The Braves and Mariners have announced a trade involving younger assets. Atlanta will receive lefties Luiz Gohara and Thomas Burrows, while Seattle will pick up outfielder Mallex Smith and righty Shae Simmons. Seattle has designated righty Cody Martin to clear roster space.
The 20-year-old Gohara has only reached the Class A level, but is considered a high-quality pitching prospect. He worked to a 1.81 ERA over 69 2/3 total minor league frames in 2016, with 10.5 K/9 against 3.0 BB/9. MLB.com rated him Seattle’s fifth-best prospect, while Baseball America placed him third among the organization’s pre-MLB assets.
A rare Brazilian pitching prospect, Gohara impresses with a mid-nineties heater, promising slider, and still-developing change that give him the promise of a useful three-pitch mix that could work in a starting role at the game’s highest level.
Burrows also checked in on MLB.com’s ranking of the M’s prospects, placing 25th. The collegiate closer is a two-pitch hurler who was taken in the fourth round of the 2016 draft. He showed well at the low-A level in his first taste of professional ball, allowing just seven earned runs with 37 strikeouts against 11 walks over his 24 2/3 innings. The 22-year-old figures to move rather quickly through the system given his collegiate pedigree.
For the Mariners, Smith represents yet another fleet-footed outfielder. He’s still optionable, and may not have much daylight to crack the MLB roster to start the 2016 season, but could figure as a near-term piece who also comes with five full seasons of control. Smith had been viewed as a key prospect for the Braves, but was somewhat expendable with the team locking up Ender Inciarte for the foreseeable future and fellow youngster Dustin Peterson also rising through the system.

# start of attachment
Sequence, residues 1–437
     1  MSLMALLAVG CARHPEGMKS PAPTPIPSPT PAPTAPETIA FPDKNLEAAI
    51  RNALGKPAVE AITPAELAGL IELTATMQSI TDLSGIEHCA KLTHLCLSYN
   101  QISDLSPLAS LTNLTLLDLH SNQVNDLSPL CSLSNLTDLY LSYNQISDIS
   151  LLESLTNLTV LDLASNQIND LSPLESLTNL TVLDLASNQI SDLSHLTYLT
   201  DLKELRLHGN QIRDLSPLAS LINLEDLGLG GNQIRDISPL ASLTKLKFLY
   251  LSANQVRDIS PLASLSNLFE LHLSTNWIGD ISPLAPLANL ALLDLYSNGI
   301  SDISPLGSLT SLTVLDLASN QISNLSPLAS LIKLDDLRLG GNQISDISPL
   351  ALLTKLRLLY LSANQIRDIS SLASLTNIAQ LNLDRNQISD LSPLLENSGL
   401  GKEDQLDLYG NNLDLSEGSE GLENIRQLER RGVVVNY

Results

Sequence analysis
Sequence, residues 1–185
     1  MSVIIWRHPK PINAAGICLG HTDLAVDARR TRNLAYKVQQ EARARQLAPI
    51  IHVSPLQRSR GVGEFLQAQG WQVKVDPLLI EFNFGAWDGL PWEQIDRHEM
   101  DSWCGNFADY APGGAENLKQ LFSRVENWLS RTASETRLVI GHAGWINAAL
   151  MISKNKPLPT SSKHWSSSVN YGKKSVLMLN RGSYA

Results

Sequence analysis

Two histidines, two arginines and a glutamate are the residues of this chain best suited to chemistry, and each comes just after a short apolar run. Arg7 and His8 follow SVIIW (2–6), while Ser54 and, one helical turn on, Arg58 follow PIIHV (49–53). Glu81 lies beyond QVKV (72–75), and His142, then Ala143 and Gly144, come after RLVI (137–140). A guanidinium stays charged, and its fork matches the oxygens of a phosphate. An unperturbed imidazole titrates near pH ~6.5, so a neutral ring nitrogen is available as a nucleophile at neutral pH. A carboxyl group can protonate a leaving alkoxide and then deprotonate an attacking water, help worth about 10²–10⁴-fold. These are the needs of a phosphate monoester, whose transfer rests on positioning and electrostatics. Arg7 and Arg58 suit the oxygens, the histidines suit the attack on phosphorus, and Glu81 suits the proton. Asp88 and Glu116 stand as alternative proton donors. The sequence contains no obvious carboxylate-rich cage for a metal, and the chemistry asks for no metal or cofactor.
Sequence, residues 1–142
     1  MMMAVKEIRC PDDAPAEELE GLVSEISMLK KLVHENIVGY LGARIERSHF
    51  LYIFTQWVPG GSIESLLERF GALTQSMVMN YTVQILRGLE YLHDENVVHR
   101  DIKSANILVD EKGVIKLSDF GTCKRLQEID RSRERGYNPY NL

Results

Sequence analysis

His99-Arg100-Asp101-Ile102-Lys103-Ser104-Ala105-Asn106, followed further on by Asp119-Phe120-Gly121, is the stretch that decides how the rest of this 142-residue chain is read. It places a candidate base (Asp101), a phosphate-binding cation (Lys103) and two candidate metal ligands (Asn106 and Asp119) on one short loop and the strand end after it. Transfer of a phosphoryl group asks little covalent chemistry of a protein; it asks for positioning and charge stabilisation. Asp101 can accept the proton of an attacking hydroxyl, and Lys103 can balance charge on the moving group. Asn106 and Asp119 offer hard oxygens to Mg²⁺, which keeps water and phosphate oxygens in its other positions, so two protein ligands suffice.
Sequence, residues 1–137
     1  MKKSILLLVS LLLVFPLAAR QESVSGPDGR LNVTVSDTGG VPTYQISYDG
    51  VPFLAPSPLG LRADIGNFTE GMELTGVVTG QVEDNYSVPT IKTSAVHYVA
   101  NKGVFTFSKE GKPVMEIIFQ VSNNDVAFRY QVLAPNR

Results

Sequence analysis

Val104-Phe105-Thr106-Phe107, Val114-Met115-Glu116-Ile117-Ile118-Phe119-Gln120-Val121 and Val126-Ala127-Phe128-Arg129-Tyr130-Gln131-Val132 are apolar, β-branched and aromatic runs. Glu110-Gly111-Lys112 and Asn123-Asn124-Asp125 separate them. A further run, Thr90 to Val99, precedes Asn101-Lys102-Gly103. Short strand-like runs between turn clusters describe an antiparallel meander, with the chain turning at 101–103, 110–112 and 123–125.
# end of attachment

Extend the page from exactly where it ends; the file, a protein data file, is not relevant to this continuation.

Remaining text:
Smith, 23, missed time last year with a thumb injury, but got his first taste of the big leagues in a fairly extended stretch. Over 215 plate appearances, he slashed .238/.316/.365 and swiped 16 bases while drawing strong defensive ratings. He has long been a major stolen-base threat in the minors, and could yet turn into a semi-regular major leaguer if he’s able to drive up his batting average. Smith posted a roughly average .302 BABIP last year, but has traditionally carried much higher marks in the minors thanks to his speed.
The 26-year-old Simmons, meanwhile, comes with four years of remaining control. He has thrown 28 1/3 total major league innings, wrapped around a Tommy John procedure, with a 2.54 ERA and 8.3 K/9 against 3.5 BB/9. The high-octane reliever also showed well at Triple-A in 2016 and has a history of lofty strikeout totals in the minors, though he has also struggled at times with command.